Foundation For our Forest right now


Jakarta. June 30, 2009. The earth needs the Indonesian tropical forest cover intact to maintain its climate balance. The responsibility to save the forest lies not only in Indonesian hands, but also in the hands of developed countries as the largest
contributors of pollution. One way to show their responsibility is through a mechanism that forgives Indonesian debt to support the preservation of its nature (DNS).

To show their commitment, the U.S. government has agreed to erase some of Indonesia’s debt, for an amount of almost US$30 million in eight years. The uniqueness of this debt cancellation is the involvement of NGOs, i.e. that
almost US$2 million of the debt is “bought” by two local and international NGOs, KEHATI Foundation and the Conservation International.

“The participation of KEHATI shows our commitment in conserving biodiversity in Indonesia,” says Damayanti Buchori, Ph.D, The Executive Director of Yayasan KEHATI Indonesia. “We appreciate the efforts of all parties, which make it possible to return the fund, which should have been paid to the U.S. Government as payment for Indonesian debt, back to this country and to designate it to preserve biodiversity, particularly in Sumatra Island”.

Efforts to win DNS in Indonesia have been initiated since 1990. DNS is employed to obtain debt forgiveness, by redirecting the debt payment for the preservation of Indonesia’s forests and biodiversity. There have been other DNS agreements, such as DNS with Germany, which uses a different payment mechanism. DNS with the US government is made possible by
policies under the Tropical Forest Conservation Act (TFCA), which was approved by the Congress in 1998 as a mechanism to reduce foreign debts of developing countries with rich natural resources. The Indonesian government seized this chance to erase its debts and preserve nature at the same time.

“With this program, CI continues last year’s CEPF (Critical Ecosystem Partnership Fund) program in the same location, Sumatra Island, considering that the Sumatran forest is in critical condition,” says Jatna Supriatna Ph.D., the Regional Vice President for Conservation International Indonesia. Jatna continues, “We really hope that this mechanism can become an example for other countries to bear its responsibility in conserving the world's tropical forests.”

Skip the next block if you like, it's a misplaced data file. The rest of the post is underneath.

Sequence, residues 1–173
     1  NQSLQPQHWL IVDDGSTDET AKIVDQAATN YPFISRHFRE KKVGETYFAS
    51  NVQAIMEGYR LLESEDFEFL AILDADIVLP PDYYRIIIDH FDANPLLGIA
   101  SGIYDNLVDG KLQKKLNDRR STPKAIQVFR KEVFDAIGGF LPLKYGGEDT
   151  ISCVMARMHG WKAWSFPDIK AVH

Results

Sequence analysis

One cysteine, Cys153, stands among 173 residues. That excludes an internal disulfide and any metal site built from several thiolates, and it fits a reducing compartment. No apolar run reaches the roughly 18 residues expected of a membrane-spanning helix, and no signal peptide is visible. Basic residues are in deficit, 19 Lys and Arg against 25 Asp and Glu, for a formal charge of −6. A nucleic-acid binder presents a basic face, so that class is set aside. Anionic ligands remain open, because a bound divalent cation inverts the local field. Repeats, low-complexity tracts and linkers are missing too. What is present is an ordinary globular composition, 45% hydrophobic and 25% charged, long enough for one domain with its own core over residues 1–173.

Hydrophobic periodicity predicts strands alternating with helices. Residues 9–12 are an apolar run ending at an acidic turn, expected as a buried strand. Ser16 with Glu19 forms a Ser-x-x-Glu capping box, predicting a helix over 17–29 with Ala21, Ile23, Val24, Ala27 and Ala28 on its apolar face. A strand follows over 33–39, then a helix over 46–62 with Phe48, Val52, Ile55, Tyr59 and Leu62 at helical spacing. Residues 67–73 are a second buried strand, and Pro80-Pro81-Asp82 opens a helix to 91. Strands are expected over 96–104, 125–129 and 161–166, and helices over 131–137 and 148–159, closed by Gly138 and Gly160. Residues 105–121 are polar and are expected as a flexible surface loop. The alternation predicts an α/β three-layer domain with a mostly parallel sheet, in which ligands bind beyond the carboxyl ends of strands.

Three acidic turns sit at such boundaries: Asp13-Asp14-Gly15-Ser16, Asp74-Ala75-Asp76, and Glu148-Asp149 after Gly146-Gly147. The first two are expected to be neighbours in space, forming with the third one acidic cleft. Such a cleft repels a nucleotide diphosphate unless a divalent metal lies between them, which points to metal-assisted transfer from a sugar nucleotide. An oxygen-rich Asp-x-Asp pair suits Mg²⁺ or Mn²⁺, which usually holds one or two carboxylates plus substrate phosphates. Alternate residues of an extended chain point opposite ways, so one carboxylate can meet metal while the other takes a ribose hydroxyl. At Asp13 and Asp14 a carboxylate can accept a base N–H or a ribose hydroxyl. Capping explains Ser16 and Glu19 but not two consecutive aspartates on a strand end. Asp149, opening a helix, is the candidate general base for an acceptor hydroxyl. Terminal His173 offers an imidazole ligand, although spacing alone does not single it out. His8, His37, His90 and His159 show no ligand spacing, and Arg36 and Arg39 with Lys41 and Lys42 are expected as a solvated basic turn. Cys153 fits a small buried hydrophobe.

CI has been involved in DNS since 1987 in Bolivia, and its experiences has a positive contribution in DNS implementation in Indonesia. It has been agreed that DNS program in
Indonesia will conserve Sumatran tropical rain forest, which is home to several key species, such as Sumatran orangutan (Pongo abelii), Sumatran rhinoceros (Dicerorhinus sumatrensis) , Sumatran elephant (Elephas maximus) and Sumatran tiger (Phantera tigris sumatrae).

The DNS program is a good solution for debtor countries and donor countries. More than US$30 million or equal to Rp300 billion will still be spent in Indonesia, but they will be used for conservation measures instead of going to developed countries.

DNS is a challenge for the Indonesian government to show that the debt cancellation can truly be beneficial in saving Indonesian forests and biodiversity. It is also hoped that the program will significantly help build the trust of donor countries that the Indonesian government is capable of managing its natural resources sustainably in order to reduce poverty and help maintain the world's climate stability.
Indonesian KEHATI Foundation is entrusted with the management of the debt swap, with its partners who are involved in saving the Sumatran forest.

Referensi :

Yayasan KEHATI Indonesia and Conservation International Participating in Debt of Nature Swap

Diah R. Sulistiowati
Yayasan Keanekaragaman Hayati-KEHATI

Fakhruddin Mangunjaya
Conservation International Indonesia

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